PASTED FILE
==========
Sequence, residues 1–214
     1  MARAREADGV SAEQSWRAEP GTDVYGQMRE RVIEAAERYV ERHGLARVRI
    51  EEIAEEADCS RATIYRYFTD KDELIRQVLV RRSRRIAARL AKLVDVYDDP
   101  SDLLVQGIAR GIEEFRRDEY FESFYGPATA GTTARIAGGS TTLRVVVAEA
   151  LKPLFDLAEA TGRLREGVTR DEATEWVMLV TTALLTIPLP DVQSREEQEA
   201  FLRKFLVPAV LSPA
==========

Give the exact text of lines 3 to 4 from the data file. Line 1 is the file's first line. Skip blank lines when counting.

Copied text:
    51  EEIAEEADCS RATIYRYFTD KDELIRQVLV RRSRRIAARL AKLVDVYDDP
   101  SDLLVQGIAR GIEEFRRDEY FESFYGPATA GTTARIAGGS TTLRVVVAEA